The sandal paste reminds the devotee that he should, in his difficulties, be as patient as the sandal. Sandal emanates sweet odour when it is rubbed on a hard surface and made into a paste. So also the devotee should not murmur when difficulties arise, but on the other hand, remain cheerful and happy and emanate sweetness and gentleness like the sandal. He should not hate even his enemy. This is another precept we learn from this. Though the sandalwood is crushed and made into a paste, it silently wears out emanating only very sweet odour. One should not wish evil even to his enemy.
20 – Pushpam (flowers) – here you offer a small handful of flowers
21 – Archana (names of the deity…whether 108 or 1000, depending on the deity) – here you recite the 108 (or 1000) names of the deity. If you have enough flowers you can offer a flower after each name.
22 – Dhupam (incense) – offer incense to the murti…this is done by waving incense sticks clockwise three times in fronto fthe face while ringing the bell.
Dhupa or scented sticks are burnt before the Deity. The smoke spreads the whole room. It acts as a disinfectant. Burning of Dhupa denotes that the Lord is all-pervading and that He fills the whole universe by His living presence. It is to remind this fact that Dhupa is burnt. The devotee prays: – O Lord! Let the Vasanas and Samskaras dormant in me vanish like the smoke of this Dhupa and become ashes. Let me become stainless.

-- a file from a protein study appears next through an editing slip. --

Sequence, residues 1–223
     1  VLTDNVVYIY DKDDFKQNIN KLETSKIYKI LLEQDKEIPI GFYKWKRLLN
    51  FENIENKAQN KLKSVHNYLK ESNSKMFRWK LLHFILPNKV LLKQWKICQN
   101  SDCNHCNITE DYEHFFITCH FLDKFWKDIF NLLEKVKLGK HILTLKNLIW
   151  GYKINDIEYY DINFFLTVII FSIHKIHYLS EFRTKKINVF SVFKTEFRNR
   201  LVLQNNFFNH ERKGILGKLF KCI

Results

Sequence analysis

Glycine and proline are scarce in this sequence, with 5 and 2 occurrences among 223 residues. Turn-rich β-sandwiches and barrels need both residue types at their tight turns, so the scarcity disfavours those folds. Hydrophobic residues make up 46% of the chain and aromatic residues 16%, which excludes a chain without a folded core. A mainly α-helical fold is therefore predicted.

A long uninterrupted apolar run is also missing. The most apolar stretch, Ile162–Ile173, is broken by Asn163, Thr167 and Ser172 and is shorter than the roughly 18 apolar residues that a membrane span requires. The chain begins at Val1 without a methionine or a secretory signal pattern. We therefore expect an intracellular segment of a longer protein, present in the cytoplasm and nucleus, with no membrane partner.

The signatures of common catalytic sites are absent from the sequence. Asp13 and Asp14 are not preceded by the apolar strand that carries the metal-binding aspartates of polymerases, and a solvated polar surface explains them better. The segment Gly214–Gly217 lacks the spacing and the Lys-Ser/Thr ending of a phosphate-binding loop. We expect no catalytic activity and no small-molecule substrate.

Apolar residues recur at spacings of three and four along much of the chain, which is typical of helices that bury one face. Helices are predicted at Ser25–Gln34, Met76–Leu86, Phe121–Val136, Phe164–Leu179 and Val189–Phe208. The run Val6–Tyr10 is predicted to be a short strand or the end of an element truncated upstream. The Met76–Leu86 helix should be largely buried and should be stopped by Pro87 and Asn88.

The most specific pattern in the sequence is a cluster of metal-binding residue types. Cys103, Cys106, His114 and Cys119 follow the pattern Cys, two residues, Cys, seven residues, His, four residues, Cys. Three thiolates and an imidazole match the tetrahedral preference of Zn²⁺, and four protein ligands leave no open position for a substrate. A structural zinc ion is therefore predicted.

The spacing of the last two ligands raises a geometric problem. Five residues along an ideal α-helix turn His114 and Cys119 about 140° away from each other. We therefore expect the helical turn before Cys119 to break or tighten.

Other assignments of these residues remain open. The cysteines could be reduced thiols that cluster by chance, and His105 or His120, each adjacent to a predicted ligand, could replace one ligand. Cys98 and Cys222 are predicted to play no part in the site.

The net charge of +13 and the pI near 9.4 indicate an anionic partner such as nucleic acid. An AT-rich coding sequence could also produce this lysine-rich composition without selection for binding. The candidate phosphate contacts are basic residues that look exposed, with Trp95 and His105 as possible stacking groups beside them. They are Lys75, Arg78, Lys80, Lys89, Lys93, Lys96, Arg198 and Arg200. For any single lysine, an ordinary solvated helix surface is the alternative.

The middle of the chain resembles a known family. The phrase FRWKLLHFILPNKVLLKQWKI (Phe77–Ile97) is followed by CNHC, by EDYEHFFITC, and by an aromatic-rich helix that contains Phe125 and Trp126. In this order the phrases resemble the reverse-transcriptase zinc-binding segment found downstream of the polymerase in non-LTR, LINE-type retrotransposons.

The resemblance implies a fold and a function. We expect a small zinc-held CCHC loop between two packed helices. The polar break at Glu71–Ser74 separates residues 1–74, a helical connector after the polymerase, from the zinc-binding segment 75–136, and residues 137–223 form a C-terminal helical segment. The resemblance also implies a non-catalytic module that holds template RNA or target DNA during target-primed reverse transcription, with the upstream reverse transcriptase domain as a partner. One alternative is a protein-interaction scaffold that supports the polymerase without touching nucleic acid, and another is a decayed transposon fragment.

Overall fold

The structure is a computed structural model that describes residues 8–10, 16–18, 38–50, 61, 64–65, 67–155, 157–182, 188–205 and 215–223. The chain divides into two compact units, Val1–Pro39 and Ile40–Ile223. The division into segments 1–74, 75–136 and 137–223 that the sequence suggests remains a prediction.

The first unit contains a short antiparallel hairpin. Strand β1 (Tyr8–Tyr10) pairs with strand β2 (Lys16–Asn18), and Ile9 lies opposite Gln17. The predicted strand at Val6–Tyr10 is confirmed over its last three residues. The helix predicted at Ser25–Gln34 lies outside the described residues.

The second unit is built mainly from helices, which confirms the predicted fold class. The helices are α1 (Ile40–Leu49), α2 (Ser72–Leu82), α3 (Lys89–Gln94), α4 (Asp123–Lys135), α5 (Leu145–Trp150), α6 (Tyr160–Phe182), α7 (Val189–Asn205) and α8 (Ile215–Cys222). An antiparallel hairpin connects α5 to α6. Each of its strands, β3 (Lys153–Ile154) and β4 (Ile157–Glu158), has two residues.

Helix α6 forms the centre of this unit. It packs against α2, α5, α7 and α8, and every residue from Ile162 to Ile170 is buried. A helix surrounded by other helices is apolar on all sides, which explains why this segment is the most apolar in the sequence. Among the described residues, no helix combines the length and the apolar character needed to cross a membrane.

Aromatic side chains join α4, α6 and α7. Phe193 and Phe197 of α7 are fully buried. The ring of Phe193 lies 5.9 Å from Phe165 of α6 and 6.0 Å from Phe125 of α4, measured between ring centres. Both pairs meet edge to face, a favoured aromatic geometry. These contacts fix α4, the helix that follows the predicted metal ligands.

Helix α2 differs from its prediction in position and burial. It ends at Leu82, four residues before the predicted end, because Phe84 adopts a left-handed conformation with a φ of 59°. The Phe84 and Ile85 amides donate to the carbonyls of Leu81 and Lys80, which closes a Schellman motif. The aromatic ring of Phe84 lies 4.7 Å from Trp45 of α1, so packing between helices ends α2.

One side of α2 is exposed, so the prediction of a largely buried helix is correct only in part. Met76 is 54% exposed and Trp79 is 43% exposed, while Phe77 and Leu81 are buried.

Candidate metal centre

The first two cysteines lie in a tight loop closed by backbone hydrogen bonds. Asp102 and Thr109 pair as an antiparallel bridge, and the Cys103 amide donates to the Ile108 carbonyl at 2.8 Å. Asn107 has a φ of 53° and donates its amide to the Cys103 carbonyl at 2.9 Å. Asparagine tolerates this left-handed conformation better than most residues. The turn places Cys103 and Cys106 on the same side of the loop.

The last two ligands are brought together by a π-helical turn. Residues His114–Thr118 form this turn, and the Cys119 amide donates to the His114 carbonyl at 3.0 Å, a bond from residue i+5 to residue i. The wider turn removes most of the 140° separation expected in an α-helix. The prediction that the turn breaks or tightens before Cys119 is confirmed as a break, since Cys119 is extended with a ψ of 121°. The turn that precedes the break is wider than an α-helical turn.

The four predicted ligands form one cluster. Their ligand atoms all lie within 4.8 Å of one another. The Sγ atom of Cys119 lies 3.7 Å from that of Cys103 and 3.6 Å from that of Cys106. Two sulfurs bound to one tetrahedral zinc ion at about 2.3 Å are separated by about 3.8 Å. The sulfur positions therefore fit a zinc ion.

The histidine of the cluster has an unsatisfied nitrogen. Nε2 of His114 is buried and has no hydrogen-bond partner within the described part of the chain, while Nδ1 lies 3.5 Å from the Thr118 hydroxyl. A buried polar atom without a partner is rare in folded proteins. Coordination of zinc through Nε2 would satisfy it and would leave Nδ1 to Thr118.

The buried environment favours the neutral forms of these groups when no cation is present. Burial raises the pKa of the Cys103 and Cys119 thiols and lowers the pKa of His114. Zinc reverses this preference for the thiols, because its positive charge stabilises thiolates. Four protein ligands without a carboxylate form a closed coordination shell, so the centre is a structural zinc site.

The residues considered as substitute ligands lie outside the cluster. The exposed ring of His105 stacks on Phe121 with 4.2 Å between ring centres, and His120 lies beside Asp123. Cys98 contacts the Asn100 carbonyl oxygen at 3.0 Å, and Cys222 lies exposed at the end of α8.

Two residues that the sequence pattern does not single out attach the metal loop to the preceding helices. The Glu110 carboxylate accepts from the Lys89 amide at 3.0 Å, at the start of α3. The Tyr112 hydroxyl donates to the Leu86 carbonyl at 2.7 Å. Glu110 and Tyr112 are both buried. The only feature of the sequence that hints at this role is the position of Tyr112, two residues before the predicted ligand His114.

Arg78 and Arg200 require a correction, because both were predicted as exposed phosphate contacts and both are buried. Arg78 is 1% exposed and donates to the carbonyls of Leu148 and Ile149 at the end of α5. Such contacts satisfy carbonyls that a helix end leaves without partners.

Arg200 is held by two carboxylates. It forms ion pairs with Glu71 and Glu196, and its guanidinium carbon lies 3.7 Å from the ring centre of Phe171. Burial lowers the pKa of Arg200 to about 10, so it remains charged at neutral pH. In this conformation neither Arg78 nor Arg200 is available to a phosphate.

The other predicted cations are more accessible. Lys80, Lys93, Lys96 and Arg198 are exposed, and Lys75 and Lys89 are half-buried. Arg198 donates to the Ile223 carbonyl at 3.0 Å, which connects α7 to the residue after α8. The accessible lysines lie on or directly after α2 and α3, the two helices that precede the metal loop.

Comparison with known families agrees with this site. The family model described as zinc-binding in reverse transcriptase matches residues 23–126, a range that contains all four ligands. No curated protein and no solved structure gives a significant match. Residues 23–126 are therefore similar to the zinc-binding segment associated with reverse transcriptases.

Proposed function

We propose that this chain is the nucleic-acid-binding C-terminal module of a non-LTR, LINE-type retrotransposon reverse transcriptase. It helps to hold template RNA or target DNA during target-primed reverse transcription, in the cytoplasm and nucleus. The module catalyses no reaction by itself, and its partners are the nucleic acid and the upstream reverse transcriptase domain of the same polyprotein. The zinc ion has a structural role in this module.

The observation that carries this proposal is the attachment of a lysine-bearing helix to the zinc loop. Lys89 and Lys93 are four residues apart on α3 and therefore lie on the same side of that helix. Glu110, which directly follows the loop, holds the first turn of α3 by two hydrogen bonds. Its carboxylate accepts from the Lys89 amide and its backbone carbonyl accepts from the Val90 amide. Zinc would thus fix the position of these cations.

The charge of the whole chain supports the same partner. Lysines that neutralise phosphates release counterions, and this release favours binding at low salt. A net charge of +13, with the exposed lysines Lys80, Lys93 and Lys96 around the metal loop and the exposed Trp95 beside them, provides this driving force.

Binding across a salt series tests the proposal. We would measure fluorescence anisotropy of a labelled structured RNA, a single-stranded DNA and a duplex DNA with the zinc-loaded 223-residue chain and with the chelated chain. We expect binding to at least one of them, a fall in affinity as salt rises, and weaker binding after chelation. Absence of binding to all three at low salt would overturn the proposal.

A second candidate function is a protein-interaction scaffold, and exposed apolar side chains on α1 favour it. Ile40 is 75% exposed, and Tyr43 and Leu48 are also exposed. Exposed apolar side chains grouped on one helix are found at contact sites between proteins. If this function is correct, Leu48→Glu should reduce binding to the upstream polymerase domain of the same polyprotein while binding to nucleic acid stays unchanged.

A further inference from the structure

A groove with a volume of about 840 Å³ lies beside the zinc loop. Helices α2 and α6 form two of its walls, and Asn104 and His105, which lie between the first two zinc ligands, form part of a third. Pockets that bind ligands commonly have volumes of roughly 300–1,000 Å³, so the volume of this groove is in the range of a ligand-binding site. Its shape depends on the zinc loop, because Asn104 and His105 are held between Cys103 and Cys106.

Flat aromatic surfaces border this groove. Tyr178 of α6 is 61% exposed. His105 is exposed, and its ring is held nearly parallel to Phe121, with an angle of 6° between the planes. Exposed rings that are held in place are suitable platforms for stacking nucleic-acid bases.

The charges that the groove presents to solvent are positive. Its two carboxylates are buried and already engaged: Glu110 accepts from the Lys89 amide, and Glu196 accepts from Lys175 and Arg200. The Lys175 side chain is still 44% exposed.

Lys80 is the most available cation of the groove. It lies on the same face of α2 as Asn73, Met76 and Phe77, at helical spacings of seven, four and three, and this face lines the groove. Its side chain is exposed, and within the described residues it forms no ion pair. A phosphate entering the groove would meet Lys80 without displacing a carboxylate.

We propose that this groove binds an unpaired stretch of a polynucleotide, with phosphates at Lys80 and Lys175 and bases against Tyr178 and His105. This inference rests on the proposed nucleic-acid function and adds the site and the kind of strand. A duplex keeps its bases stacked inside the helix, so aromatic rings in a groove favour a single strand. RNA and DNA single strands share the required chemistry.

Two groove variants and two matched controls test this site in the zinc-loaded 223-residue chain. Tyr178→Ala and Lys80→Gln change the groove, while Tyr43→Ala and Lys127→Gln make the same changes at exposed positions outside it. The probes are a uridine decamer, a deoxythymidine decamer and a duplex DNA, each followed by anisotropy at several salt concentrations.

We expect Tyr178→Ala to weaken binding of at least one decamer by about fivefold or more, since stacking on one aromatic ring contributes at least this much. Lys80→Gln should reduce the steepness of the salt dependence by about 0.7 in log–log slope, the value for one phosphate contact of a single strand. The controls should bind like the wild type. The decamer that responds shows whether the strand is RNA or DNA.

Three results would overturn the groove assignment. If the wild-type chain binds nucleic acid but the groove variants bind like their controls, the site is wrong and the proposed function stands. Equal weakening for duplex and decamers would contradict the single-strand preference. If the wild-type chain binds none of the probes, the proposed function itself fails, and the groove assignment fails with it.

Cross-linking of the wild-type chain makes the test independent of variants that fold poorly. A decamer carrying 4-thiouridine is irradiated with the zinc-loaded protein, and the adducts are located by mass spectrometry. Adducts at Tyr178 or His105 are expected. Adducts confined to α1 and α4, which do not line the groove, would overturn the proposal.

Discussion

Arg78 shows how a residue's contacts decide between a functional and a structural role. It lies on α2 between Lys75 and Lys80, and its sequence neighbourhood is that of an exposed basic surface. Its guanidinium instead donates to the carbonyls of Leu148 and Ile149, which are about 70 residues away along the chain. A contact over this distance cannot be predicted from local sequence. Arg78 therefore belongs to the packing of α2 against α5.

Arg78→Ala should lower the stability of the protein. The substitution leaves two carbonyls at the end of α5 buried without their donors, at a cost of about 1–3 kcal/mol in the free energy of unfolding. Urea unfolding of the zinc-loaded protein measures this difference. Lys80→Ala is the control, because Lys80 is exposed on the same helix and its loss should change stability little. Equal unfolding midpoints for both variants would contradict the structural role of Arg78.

23 – Deepam (light) – wave the lamp three times in a clockwise motion while ringing the bell (you can do it more and sing/chant an aarti at this point, too).
24 – Navedyam (food) – here you offer the food
25 – Tambulam (betel leaves and nuts) – you offer these if you have them.
The betel leaf is symbolic of freshness and prosperity. The Skanda Purana says that the betel leaf was obtained by Gods during the grand ocean-churning.
26 – Karpura Nirajanam (camphor flame) – here you light the camphor flame and wave it three times clockwise before the deity while ringing the bell (if you have it, if not you can just wave the lamp again).
27 – Mantra Pushpam (flowers with praises) – this is the fun part of puja (in my humble opinion) here you offer praise to the deity and upon the end of the praise prayer you then throw up the flowers so that they shower down upon the deity and the altar. If you don’t have flowers I’ve been told rice works well, too.
28 – Antamapradakshina Namaskaram (circumambulation and prostration) – here you turn around in front of the altar (or walk around the altar) clockwise three times and then prostrate before the deity
29 – Nrityam & Geetam (Dance & Song) – here you can perform a little dance and sing a devotional song to the deity
30 – Consecration & Surrender – it is after this part that the sankalpa is completed and the main puja has ended. If you are interrupted now it is okay. You basically ask that the deity leave the altar and return once again to dwell in your heart
31 – Pardoning – this is a simple prayer asking for forgiveness for any mistakes you may have made during the puja.